Coming Soon: Europe's First $1 Trillion Bank?
Get ready for Europe's first $1 trillion bank. If discussions between Bayerische Hypotheken-und Vereinsbank and Dresdner Bank, Germany's second- and third-largest lenders, come to fruition, that will be the result. Neither bank has acknowledged publicly that any serious negotiations are taking place, but many analysts in Frankfurt think it's a done deal.
If they're right, Deutsche Bank, Germany's biggest, would likely retaliate with another merger, or maybe even a hostile bid for Dresdner. And if they aren't, the frenzy could spur other banks to look for partners. Europe's long-awaited orgy of banking mergers is under way.
Consider the deals that are already reshaping Europe's banking landscape. On Oct. 19, Spain's Banco Bilbao Vizcaya confirmed that it would acquire Argentaria Caja Postal y Banco Hipotecario; the new bank will be one of Europe's top five. Earlier, Bank of Scotland PLC launched a $35 billion hostile bid for National Westminster Bank, and Banca Intesa in Italy unveiled plans to take over compatriot Banca Commerciale Italiana. Even HVB itself is the product of a two-year-old merger.
The introduction of the euro currency and creation of a single capital market are driving consolidation. Banks need bigger balance sheets to compete effectively. Also, European investors want better shareholder value--forcing banks to cut costs and boost meager profits. Merging is the easiest way for banks to do that.
Indeed, a merged Dresdner-HVB could be a global player as well as a top-flight European bank. The two could take advantage of cross-selling opportunities: HVB is big in the lucrative mortgage business. And HVB's Internet banking subsidiary is one of Europe's most successful. Dresdner, by contrast, has had a major presence in European investment banking since acquiring Britain's Kleinwort Benson in 1995. And it also possesses a world-class asset-management franchise.
There is another important factor favoring a union: Allianz, the giant Munich insurer, owns 22% of Dresdner and 17% of HVB. Allianz CEO Henning Schulte-Noelle wants to improve the company's returns on its stock portfolio. Bringing together Dresdner and HVB would be one way to do that. "Whatever happens, Allianz will have the final say," says Dieter Hein, a banking analyst with Credit Lyonnais in Frankfurt. "My instinct is they will go for it."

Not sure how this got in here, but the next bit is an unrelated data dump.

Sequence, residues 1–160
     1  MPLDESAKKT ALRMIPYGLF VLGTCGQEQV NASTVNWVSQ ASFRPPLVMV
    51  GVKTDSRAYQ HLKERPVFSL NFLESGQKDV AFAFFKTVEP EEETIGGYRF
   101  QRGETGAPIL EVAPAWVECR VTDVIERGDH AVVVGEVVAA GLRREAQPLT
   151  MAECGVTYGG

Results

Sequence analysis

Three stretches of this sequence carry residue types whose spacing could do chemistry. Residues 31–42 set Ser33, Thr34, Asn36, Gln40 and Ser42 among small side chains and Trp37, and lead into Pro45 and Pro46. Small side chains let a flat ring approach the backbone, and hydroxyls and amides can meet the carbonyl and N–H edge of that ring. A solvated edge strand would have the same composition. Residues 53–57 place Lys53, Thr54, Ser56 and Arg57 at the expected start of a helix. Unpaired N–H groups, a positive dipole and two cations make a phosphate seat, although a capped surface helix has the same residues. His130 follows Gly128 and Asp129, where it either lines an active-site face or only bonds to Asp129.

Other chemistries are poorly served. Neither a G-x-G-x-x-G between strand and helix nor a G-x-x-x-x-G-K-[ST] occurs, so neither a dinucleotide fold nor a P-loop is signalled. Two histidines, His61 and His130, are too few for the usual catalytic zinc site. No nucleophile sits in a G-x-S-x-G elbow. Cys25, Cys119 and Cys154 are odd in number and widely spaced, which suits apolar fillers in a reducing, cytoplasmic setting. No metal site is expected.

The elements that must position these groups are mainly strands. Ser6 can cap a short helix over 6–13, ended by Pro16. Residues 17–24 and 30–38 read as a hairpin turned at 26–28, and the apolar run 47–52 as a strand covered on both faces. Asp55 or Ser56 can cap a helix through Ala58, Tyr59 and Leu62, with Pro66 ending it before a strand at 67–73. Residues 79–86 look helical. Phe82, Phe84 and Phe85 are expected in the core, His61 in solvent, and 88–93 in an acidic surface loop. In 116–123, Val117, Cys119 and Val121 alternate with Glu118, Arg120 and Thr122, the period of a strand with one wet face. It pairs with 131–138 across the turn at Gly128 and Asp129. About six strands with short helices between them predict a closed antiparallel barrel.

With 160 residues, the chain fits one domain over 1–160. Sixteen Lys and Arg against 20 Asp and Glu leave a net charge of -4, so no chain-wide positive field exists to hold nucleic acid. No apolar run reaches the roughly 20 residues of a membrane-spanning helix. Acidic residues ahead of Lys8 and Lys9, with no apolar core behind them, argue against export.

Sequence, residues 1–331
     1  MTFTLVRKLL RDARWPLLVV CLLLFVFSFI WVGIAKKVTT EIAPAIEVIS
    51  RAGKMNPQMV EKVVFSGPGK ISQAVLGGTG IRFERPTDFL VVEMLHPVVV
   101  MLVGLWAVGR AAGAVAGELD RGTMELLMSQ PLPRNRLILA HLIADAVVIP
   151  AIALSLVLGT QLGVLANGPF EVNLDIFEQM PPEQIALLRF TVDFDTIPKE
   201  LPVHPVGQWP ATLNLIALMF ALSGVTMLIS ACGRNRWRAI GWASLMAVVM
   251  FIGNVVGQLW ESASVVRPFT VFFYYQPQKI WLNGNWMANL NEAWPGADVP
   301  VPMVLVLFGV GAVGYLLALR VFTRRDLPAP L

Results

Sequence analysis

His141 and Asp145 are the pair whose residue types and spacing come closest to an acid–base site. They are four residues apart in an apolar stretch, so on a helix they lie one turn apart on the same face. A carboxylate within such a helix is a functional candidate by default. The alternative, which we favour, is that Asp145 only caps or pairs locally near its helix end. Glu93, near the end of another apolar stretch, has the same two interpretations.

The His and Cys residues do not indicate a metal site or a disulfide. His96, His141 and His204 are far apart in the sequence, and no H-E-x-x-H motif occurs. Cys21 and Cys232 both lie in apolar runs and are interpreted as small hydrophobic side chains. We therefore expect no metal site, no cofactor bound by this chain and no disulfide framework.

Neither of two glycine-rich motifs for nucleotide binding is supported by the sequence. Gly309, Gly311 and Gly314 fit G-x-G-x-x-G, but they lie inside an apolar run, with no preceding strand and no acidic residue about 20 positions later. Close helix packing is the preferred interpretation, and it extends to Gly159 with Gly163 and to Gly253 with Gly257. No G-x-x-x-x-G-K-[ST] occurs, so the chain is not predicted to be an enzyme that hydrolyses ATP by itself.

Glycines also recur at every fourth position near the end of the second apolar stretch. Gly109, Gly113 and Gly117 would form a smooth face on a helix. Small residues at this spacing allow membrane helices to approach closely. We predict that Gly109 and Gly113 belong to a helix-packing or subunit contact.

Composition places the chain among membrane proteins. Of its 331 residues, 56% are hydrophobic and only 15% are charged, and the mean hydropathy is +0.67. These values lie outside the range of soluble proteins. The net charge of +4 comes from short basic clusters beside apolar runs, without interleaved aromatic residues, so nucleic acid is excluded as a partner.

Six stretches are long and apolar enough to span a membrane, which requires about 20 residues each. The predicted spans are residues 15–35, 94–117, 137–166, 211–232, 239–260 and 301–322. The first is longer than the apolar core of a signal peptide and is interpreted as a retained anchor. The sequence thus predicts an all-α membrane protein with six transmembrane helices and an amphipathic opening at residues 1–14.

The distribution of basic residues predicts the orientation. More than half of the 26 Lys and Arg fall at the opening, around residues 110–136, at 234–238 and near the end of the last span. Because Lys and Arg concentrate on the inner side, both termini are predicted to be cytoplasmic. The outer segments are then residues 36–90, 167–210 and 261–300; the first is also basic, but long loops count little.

Still, big hurdles stand in the way. HVB's CEO Albrecht Schmidt won't finish restructuring following the bank's own merger until early next year, which is why Hein believes an alliance isn't likely before then. Meanwhile, Dresdner CEO Bernhard Walter could have trouble selling the deal to his top managers in Frankfurt. Several would prefer to expand Dresdner's international and investment banking.
Then, there is the question of how Deutsche would react. Though he is still digesting last year's acquisition of Bankers Trust, CEO Rolf-Ernst Breuer opened discussions with Dresdner in September about merging retail operations. The talks got nowhere then. Still, some bankers think Breuer may bid for Dresdner. "A merger between HVB and Dresdner would pose a significant competitive threat to Deutsche. Breuer would probably pull out all the stops to prevent it," says Bryan Crossley, a banking analyst at ABN Amro Hoare Govett in London.
At the very least, say analysts, Breuer might try to negotiate a merger with Commerzbank, Germany's fourth-largest private-sector bank. But Commerz CEO Martin Kohlhaussen has said he wants to keep his bank independent. Which may bring Breuer back to Dresdner. An alliance between Deutsche and Dresdner would create a global behemoth and yield vast savings. The power to make or break a deal is in the hands of Allianz's Schulte-Noelle. He might just like the idea. After all, Allianz not only owns a significant chunk of HVB, it also has a 5% stake in Deutsche.
But whether Dresdner ends up with HVB or Deutsche, things will never again be the same in the German banking industry. Consolidation has begun with a vengeance. And in phase one, Allianz has a big say in how it unfolds.
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